Yun-fat is one of the biggest Hong Kong movie stars ever, especially when he
plays a gambler. His latest Mr. Lucky character is quite a team player,
assisting the Hong Kong, Chinese, and Macanese police take down an
international money launderer. However, it might suddenly become difficult to watch
on the Mainland following Chow’s statement of support for Hong Kong’s intrepid pro-democracy
protestors. Even if he is banned in Chinese cinemas, Chow is an icon of HK
cinema, perhaps even more so now. Fittingly, his latest gambling romp, Wong
Jing’s From Vegas to Macau (trailer here), opens the San
Francisco Film Society’s annual Hong Kong Cinema film series.
Hands” Ken is a reportedly unbeatable gambler and former Vegas casino security
expert who has just made a splashy return to Macau. He invites his old crony
Benz, the patriarch of a family of conmen, to his lavish birthday partner.
Sparks soon fly between Ken’s daughter Rainbow and Benz’s son cool, despite nephew
Karl’s awkward attempts at seduction.
Benz’s undercover cop stepson Lionel’s cover is about to be blown. He was
investigating the shadowy Mr. Ko, whose henchmen are now looking for the
evidence he furtively recorded. That will bring them into conflict with Benz’s
family and Magic Hands, in due turn. Naturally, he prefers to handle such
matters alone, but he will start to coordinate somewhat with Lionel’s Chinese
colleague, Det. Luo Xin, for obvious reasons.
FVTM, Chow is a lot like vintage Burt
Reynolds. He is having fun and he does not care how we take that. He still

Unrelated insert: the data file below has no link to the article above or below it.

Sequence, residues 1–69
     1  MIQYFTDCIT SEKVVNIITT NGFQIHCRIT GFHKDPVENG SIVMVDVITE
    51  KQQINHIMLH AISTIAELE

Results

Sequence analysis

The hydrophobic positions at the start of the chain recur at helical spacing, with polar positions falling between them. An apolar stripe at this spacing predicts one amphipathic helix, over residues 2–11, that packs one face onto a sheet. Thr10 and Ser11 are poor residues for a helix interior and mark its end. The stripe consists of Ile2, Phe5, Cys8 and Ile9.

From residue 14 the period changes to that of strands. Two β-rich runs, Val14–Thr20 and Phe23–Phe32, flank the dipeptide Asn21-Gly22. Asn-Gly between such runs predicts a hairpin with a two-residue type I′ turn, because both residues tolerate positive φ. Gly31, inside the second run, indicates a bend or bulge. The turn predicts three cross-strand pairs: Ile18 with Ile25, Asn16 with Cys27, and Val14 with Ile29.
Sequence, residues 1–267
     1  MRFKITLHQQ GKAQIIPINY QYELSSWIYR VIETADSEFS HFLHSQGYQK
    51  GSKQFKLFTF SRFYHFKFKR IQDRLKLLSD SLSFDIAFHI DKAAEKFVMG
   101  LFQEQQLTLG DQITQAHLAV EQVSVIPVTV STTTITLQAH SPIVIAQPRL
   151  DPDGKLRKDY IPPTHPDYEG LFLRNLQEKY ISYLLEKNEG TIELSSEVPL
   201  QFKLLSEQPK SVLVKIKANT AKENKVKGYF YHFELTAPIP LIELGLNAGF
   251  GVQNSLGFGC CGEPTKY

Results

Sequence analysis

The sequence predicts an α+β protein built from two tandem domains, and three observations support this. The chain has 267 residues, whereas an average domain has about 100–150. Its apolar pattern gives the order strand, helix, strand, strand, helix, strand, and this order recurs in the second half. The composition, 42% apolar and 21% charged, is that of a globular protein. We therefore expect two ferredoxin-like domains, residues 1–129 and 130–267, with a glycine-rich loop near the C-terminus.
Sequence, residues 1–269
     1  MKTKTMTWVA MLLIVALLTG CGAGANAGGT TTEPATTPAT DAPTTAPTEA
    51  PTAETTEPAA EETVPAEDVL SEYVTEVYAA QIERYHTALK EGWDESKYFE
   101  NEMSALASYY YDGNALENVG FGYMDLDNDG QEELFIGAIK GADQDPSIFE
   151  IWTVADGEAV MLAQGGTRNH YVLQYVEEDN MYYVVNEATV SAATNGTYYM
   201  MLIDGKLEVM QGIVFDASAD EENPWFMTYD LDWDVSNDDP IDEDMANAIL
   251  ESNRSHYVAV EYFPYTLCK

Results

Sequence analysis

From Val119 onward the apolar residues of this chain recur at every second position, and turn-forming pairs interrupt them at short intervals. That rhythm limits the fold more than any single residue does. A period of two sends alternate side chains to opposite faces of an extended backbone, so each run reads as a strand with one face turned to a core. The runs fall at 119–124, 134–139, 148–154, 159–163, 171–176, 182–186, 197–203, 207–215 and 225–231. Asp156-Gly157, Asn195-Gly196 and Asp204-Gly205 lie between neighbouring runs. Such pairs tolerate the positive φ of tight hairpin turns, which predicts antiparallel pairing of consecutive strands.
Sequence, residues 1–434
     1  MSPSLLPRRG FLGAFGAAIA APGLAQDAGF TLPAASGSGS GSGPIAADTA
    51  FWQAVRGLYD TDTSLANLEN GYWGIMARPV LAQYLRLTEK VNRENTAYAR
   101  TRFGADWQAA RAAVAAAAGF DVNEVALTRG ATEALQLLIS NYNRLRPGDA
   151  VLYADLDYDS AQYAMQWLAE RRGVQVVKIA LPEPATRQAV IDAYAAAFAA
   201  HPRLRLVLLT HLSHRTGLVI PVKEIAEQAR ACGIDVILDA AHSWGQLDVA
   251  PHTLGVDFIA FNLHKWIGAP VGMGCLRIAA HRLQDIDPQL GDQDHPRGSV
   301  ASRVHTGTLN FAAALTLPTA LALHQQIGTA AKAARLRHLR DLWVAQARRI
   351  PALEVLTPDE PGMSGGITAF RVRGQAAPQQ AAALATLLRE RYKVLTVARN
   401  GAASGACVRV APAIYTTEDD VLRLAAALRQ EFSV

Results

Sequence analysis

looks great in a tux, so more power to him. He definitely does his
ring-a-ding-ding Rat Pack thing, leaving most of the fighting to Nicholas Tse’s
brooding Cool. Tse doesn’t mug—period. However, Chow’s larger than life
presence still provides the film’s jet fuel.
Tian shows off her first class chops again as Luo Xin, but does not have the
same featured spotlight that let her elevate Special I.D. above its functional ambitions. She makes an
impression nonetheless as the hard-charging detective. While most of the comedy
is broad but digestible, Chapman To gets a wee bit shticky as Karl, but he has
also been rather outspoken in his support of the democracy movement, so we’ll
give him a pass anyway.
keeps the mood upbeat and the action skipping along, even though some pretty
terrible tribulations befall several supporting characters. He also gives enough
winking allusions to the God of Gamblers franchise
to keep fans amused, before formally joining them together in a Marvel-style
FVTM certainly delivers the expected quota of
action, slapstick, high living, and attractive cast members. Frankly, it ought
to be an utterly apolitical film, but given the predictable invective aimed at
Chow, patrons can feel strangely good about enjoying it. Recommended for fans
of Chow and gambling/con game films, From
Vegas to Macau opens the SFFS’s 2014 Hong Kong Cinema showcase this Friday
(11/14) and screens again on Saturday (11/15).
Labels: Chow Yun-fat, Gambling films, HK Cinema at SFFS '14, Hong Kong Cinema, Jing Tian, Nicholas Tse